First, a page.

Posted on 26 June, 2016Comments (0)

Wildlife Support and Conservation

Wildlife Support and Conservation

Cemeteries and Churchyards: In addition to our beautiful British countryside and roadside verges, cemeteries and churchyards can often provide an important refuge for wildlife. Not only are they a final resting place, but also a living, and fully functioning haven for wildlife. Bentworth and Chawton church yards, and Medstead cemetery immediately spring to mind as they all have wild flower areas where the grass also grows slightly longer, so excellent for butterflies and other pollinators.

Medstead Cemetery can be found near the recreation ground. We note that Badgers are also present, but are not causing any visible damage. Badgers are a protected species. Their setts can only be closed down under licence from Natural England. This happens occasionally if an outlying or annex sett happens to inconvenience plans for a new development, and there is a suitable, alternative site nearby.

However, if an artificial sett is created, not only is this very costly, but the animals may try to return to their former home, or excavate another Badger hole elsewhere which could potentially cause damage to graves and memorials. Badgers prefer well drained, sandy soil, so will often dig holes on a slope near a hedgerow which also affords more protection.

Medstead Cemetery is extremely attractive with a mass of Bluebells and other wild flowers in early May. The long grass also provides excellent cover for fledglings and amphibians. Adjacent gardens and paddocks are also of interest. We noted several mammal paths used by Badgers. They are obviously attracted to one site due to the plentiful supply of dry food, and hay for bedding. A well established sett is noted beneath an outbuilding.

Swallows are designated as SPEC (Species of European Conservation Concern) and on the RSPB Amber list.
Other wild birds noted on site are the Blackbird, Robin, Chaffinch, Great Tit, Blue Tit, Long-tailed Tit, and Wren. The Cuckoo was heard in Medstead last Spring, but sadly no one I spoke to can recall hearing it calling this year. There are also Foxes in the vicinity which usually help to keep the Rabbit population in check.

The cemetery will also be an important foraging area for Swallows, and for bats. Cemeteries can be a haven for wildlife. They are also tranquil and peaceful, and a very attractive final resting place. It should be noted that some people pay thousands of pounds to be laid to rest in a nature reserve, wildlife haven, or near a Badger sett.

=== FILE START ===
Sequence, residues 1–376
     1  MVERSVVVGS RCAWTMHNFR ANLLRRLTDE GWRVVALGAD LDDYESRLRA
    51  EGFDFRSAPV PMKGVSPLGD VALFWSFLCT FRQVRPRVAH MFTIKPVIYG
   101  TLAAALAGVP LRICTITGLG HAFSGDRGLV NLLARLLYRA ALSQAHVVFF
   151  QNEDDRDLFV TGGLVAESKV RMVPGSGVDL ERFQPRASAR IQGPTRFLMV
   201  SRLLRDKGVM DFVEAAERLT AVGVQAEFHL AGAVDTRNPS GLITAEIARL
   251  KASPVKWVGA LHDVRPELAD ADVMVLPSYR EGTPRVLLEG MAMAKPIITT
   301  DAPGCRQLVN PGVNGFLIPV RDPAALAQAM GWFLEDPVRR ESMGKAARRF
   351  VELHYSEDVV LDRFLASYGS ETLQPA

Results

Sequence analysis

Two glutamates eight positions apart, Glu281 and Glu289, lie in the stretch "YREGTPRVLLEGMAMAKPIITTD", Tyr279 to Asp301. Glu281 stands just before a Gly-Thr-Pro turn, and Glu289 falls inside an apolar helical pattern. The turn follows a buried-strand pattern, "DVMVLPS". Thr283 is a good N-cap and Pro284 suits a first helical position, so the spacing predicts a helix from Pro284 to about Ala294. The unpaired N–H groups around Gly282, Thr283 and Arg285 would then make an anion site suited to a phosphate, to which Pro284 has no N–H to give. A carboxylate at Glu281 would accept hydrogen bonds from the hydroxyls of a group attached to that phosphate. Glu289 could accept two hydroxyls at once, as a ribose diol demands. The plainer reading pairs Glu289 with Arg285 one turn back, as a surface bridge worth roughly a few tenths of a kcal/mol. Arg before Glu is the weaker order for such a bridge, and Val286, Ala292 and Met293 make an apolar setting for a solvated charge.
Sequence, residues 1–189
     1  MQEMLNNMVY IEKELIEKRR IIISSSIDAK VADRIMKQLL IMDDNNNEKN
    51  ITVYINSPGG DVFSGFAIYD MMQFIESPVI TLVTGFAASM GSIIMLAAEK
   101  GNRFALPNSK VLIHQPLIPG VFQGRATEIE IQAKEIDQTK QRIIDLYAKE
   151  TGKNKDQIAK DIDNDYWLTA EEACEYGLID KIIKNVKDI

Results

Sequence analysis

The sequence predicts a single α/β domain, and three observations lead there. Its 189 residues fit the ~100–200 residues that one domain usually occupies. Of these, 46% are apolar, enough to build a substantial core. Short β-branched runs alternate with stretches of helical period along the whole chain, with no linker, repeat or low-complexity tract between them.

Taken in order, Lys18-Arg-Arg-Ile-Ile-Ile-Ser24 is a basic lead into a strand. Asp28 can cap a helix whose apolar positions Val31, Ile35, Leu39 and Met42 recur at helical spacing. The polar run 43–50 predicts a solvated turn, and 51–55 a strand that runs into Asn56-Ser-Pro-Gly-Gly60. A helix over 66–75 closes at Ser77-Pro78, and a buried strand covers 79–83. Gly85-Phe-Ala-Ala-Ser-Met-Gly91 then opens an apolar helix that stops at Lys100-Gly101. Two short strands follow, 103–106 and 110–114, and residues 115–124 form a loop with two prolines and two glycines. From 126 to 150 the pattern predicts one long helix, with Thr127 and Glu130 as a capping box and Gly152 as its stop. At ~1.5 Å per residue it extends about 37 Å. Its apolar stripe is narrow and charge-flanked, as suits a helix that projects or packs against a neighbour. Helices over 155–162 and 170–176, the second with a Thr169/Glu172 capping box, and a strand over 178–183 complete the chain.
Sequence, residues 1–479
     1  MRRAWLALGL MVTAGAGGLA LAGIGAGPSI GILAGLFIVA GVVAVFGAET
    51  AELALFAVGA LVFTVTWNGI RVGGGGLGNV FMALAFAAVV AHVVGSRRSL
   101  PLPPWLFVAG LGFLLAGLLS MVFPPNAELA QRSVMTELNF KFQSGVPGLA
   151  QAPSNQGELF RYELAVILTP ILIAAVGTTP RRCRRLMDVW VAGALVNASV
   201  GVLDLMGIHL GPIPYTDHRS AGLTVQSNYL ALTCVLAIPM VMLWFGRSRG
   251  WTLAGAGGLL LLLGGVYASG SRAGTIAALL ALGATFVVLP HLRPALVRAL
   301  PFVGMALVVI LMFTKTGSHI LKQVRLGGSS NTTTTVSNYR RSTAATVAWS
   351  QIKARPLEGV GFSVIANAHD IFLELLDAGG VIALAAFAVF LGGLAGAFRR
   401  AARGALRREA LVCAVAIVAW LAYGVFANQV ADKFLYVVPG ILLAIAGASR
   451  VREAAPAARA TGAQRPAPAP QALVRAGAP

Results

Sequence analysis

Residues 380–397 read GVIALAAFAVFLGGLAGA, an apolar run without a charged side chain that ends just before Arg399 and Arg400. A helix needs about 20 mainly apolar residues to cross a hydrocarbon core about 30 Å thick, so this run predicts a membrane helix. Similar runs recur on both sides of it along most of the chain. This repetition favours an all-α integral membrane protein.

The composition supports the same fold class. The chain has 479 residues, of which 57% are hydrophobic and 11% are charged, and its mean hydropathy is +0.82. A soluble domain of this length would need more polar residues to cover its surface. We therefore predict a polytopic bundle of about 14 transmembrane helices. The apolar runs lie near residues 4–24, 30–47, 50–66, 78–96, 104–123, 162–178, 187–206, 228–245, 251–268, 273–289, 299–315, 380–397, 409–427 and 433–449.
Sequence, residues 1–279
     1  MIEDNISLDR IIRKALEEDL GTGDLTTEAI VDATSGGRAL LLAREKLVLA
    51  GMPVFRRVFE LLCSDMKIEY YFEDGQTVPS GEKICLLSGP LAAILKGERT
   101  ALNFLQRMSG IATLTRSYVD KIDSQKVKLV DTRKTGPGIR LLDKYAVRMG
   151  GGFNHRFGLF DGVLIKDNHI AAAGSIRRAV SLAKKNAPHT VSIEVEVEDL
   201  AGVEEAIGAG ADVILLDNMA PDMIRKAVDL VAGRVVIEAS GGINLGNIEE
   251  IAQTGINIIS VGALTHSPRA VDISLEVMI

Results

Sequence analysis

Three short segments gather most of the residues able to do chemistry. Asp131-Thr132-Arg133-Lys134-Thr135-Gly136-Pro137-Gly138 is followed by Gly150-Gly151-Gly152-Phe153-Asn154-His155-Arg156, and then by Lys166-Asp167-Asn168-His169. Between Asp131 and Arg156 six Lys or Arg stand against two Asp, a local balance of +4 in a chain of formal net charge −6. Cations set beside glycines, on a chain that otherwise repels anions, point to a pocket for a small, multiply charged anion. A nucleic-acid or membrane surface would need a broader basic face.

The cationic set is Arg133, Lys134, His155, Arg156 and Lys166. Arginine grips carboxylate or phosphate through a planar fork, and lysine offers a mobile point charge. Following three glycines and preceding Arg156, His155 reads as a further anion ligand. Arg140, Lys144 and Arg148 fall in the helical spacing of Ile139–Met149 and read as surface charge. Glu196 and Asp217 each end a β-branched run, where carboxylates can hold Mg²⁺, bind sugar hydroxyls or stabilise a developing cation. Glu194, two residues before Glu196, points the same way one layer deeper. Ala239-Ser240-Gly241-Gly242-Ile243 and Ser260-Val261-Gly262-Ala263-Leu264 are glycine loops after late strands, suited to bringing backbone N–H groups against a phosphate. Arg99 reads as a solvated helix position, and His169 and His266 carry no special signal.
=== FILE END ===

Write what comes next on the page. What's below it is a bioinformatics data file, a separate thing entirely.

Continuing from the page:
Garden Birds: In addition to church yards and cemeteries, gardens also provide food, shelter and nesting opportunities for many birds. We can make them more welcoming by putting up nesting boxes, creating suitable habitats, and putting out a variety of bird food. Birds come into our gardens when weather conditions deteriorate and we are then able to supplement their natural diet with assorted bird seed, fat balls, fruit and nuts.

Decline in numbers: In 2015 the RSPB noted that farmland birds make up the largest number on the Red List. The Curlew, Dotterel, Grey Wagtail, Whinchat and Merlin were added bringing the total to twelve. The Woodcock, Nightingale and Pied Flycatcher are three more woodland birds added to the Red List, so the number is increased to sixteen. Seabird numbers on the Red List have increased and show that the Kittiwake, Shag and the Puffin are in decline. Worryingly the number of seabirds on the Red List has almost doubled, and includes four species of UK seaduck. The House Sparrow and Black Redstart are also on the Red List for urban bird species. We note that there is some good news as Nightjar and Bittern numbers have improved, mainly due to better forest management.

The RSPB also reminds us that Hedgehogs are in serious decline and that better habitat and connection between gardens would make an enormous difference. It is vital that space is made the size of a CD case in fencing on all new developments in the area.

We have a number of RSPB leaflets, ‘Giving Nature a Home’ if anyone would like one. These are presently being distributed to new residents on the Medstead Farm development, Four Marks, as part of their ‘Wildlife Welcome Pack’.

Diana Tennyson

[Please note that this message is not posted on behalf of Bentworth Parish Council and does not necessarily reflect the Parish Council’s policy]

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